“Readers will relish this fresh, enlightened insider’s look at two talented dancer sisters beset by professional rivalry & bound by love. This glowing novel is full of heart. Enchanting.”
–Sari Wilson, author of Girl Through Glass

“In Outside the Limelight, Terez Mertes Rose once again manages to perfectly capture the ethereal beauty of the ballet.  It’s a story as rich, heartbreaking and uplifting as any ballet masterwork, with characters who stay with you long after the final act.”
— Lauren E. Rico, author of Reverie and Rhapsody

feature-rape-spot1

WHERE THE STORY CAME FROM…

A decade ago, in the spring of 2006, my sister was diagnosed with an acoustic neuroma and two months later underwent a craniotomy and translab procedure to have it removed. I hadn’t started writing my Ballet Theatre Chronicles series yet, immersed as I was in a different, “sure thing” second novel. We were both to be disappointed by our respective end results. While the craniotomy and tumor removal was deemed a success, resulting facial paralysis on one side, brain fog, single-sided deafness and worsening tinnitus became my sister’s fate. My own “sure to be a winner” novel went over like a lead balloon with my agent. The silver lining: her belief in my writing and suggestion that I try my hand at something ballet-based, a subject I’d touched on in my first, unpublished novel. So as my sister struggled with the aftereffects of her acoustic neuroma, immersing herself in therapies and surgeries and strategies, I set to work on a new novel. But it would only be in February of 2011, after the first ballet novel didn’t sell, and my fourth novel didn’t sell, and my agent and I were once again musing about ballet in fiction for adults, its absence in the current marketplace, that I said to her, “what do you think about a ballet novel featuring two sisters, dancers in the same elite company, and one of them, the younger, more talented one, gets felled by an acoustic neuroma diagnosis and a host of post-op problems? Do you think something like that would interest readers?”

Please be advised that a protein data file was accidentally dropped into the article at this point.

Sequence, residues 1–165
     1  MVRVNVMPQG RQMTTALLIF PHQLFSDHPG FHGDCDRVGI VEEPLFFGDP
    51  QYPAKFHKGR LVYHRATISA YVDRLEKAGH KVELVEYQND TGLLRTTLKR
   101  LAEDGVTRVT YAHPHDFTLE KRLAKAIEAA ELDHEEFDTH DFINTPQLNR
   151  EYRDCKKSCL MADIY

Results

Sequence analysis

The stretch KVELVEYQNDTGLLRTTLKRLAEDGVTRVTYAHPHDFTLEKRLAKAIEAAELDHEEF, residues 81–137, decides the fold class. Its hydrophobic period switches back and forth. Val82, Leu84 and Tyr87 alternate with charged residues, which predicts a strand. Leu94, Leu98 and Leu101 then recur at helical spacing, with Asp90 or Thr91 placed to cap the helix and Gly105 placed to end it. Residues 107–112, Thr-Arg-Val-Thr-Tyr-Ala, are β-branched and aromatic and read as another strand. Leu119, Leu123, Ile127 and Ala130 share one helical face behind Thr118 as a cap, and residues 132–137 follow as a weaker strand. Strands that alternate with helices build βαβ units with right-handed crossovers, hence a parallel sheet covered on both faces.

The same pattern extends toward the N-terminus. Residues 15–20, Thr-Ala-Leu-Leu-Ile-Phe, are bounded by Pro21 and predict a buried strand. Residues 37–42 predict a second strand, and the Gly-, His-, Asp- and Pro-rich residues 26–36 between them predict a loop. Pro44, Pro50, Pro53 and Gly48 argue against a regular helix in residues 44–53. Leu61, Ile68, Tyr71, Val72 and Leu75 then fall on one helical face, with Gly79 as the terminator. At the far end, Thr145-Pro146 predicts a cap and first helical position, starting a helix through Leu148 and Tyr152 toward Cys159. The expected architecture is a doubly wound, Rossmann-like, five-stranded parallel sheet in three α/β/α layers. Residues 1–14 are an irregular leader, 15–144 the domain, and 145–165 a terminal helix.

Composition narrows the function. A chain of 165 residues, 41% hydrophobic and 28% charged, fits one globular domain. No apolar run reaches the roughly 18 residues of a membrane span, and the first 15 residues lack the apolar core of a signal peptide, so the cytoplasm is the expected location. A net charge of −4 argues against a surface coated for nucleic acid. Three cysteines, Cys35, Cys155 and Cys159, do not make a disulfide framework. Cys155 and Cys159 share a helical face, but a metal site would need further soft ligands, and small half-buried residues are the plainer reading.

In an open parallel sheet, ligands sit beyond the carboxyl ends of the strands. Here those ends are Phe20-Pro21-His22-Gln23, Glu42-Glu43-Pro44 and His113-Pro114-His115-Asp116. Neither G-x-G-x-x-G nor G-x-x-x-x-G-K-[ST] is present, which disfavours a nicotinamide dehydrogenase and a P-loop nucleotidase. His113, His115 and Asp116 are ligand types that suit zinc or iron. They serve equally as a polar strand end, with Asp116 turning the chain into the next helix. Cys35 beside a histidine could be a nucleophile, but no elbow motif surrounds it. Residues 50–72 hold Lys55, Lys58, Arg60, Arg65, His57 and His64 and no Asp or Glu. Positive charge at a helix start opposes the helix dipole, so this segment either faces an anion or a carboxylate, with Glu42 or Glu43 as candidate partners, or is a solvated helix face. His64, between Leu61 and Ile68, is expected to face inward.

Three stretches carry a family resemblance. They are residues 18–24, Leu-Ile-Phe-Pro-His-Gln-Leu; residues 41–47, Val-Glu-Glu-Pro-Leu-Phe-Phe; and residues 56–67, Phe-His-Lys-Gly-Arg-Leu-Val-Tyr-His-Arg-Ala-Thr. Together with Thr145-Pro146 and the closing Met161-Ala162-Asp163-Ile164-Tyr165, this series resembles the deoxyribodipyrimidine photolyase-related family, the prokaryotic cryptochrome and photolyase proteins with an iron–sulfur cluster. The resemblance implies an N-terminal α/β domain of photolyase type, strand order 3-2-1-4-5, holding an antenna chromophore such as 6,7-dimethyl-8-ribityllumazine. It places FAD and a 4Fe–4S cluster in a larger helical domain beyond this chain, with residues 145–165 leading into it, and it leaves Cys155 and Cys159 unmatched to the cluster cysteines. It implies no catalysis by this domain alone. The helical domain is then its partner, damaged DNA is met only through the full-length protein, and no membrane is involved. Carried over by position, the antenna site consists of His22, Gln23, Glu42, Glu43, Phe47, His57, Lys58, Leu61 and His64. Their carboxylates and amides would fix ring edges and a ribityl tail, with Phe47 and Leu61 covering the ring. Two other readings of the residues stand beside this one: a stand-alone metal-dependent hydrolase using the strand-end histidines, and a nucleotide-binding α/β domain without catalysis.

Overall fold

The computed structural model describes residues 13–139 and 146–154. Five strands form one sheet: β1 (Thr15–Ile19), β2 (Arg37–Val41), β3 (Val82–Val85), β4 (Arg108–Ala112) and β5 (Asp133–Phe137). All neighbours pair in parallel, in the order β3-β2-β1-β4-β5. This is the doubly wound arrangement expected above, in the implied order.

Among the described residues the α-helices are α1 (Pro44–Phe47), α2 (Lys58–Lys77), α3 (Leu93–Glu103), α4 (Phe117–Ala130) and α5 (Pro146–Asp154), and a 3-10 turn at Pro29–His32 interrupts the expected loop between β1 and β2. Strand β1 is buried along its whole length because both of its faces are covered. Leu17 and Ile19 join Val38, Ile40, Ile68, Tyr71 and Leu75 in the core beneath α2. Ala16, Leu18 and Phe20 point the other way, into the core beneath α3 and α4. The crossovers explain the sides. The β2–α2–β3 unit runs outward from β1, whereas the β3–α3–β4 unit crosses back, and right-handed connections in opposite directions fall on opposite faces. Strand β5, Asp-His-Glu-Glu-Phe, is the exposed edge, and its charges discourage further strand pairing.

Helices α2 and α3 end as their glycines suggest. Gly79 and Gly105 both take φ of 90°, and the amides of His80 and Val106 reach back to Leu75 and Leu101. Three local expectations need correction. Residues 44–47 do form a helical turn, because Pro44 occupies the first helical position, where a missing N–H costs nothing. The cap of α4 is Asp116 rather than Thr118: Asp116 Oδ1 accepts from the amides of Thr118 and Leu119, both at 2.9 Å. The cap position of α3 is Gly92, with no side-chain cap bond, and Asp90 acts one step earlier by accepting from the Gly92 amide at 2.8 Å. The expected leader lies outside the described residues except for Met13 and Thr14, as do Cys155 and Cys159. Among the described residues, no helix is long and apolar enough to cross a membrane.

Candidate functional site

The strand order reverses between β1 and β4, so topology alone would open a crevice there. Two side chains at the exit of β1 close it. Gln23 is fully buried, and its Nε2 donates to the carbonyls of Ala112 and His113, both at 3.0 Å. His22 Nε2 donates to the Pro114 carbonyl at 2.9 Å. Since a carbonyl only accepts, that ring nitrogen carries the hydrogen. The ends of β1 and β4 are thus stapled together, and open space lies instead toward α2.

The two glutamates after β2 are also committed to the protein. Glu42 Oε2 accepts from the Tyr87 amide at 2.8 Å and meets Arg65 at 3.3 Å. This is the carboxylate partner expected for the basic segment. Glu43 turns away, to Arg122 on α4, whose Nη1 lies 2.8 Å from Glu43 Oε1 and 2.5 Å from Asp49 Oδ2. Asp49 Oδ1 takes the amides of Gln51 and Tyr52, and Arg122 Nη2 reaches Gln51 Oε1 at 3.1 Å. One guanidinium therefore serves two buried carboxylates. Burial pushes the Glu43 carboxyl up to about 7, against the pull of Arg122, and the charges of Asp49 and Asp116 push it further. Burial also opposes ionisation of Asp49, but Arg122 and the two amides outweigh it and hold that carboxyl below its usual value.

Black Swan had just come out. Something in the air seemed to be whispering ballet to the world at large. “I do,” she said without hesitation, and so Outside the Limelight was born.

At first things seemed great. The words flowed onto paper, and my sister’s warrior, can-do attitude toward her difficult recovery continued, through more surgeries, more therapies. But life can get the best of us and our best intentions. A month away from completion, my novel hit a snag. A competing ballet novel—about sisters, dancers in the same elite company, the younger, more talented one gets sidelined with injury (seriously, how was this possible for two books so similar to be produced in the same year after decades of nothing?)—came out, to strong acclaim. I was screwed. And so was my sister. Surgery after surgery had not eradicated her facial paralysis. Nor had her brain fog or tinnitus dissipated. Depression and anxiety swept over her like a tsunami, drowning her. My novel, hastily revised so it didn’t seem quite so copycat, stagnated in the hinterlands of the Big 5 Publishing world as my agent shopped it that fall and through the next twelve months. It was a year of staggering disappointment and discouragement, for both myself and my sister. And still life went on. Because it always does.